However, the people of the island preferred "enosis", joining Greece. Prince George of Greece became governor of the island but after a brief rebellion led by Elefterios Venizelos, George was expelled and Venizelos joined a provisional government in Crete in 1906. He would also become Greek prime minister several times. Governor was now the former prime minister Alexander Zaimis. In 1908 the European army left. In Turkey itself an uprising had broken out among the so-called "Young Turks", an excellent opportunity for the Cretans to join Greece.

However, it was only after the Balkan War of 1912-1913 that Prime Minister Venizelos dared to bring about the unification of Crete and Greece (Peace of Bucharest; Peace of Athens, November 14, 1913). The Greeks now dared to invade Asia Minor to reunite the Greeks who lived there with the motherland. However, the Greeks were driven out by the Turkish army.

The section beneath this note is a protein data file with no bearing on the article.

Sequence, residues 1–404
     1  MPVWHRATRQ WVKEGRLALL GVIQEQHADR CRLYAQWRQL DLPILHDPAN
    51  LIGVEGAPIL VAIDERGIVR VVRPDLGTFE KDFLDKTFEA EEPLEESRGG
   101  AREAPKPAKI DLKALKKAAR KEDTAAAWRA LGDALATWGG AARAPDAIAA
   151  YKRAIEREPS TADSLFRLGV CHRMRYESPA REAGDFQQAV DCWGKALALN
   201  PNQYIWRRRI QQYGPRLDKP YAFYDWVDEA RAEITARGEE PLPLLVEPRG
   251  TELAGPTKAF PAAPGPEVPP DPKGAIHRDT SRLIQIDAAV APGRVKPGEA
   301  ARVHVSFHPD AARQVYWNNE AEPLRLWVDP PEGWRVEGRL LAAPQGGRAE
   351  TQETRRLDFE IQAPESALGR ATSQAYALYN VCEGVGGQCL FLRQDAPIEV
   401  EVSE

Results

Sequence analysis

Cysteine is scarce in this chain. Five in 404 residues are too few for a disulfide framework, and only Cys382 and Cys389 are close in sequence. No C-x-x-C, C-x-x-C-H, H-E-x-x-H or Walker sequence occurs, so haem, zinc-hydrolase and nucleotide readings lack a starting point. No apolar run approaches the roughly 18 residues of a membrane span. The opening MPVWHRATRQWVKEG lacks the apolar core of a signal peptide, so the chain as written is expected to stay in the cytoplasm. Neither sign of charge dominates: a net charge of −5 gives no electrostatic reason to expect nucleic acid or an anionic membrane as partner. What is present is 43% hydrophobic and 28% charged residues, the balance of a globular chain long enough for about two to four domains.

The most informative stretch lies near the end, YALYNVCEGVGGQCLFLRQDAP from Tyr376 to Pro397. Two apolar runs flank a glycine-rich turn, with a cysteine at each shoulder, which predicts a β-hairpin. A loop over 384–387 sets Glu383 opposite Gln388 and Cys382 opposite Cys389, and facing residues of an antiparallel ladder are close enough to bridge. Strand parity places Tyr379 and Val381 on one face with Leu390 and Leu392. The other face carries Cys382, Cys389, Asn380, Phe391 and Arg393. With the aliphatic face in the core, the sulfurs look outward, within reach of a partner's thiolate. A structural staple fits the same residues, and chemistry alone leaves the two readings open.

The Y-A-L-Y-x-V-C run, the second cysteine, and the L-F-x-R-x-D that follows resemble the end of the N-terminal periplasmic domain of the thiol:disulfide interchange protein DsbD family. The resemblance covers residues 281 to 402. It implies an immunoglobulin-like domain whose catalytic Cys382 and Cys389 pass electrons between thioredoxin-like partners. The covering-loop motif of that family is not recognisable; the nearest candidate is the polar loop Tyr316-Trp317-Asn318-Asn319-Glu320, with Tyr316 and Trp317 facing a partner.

At the peace negotiations in 1923, the following compromise emerged: all members of the Greek and Christian populations left Asia Minor and the Muslims from Greece went vice-versa.

Second World War

In World War II, many Cretans fought in the Greek army. Only late was the decision made to defend Crete because they wanted to use it to attack the Germans and Italians from the south. The English, Australian, and New Zealand troops were inexperienced and poorly armed, and besides, most Cretan men were fighting elsewhere in Europe.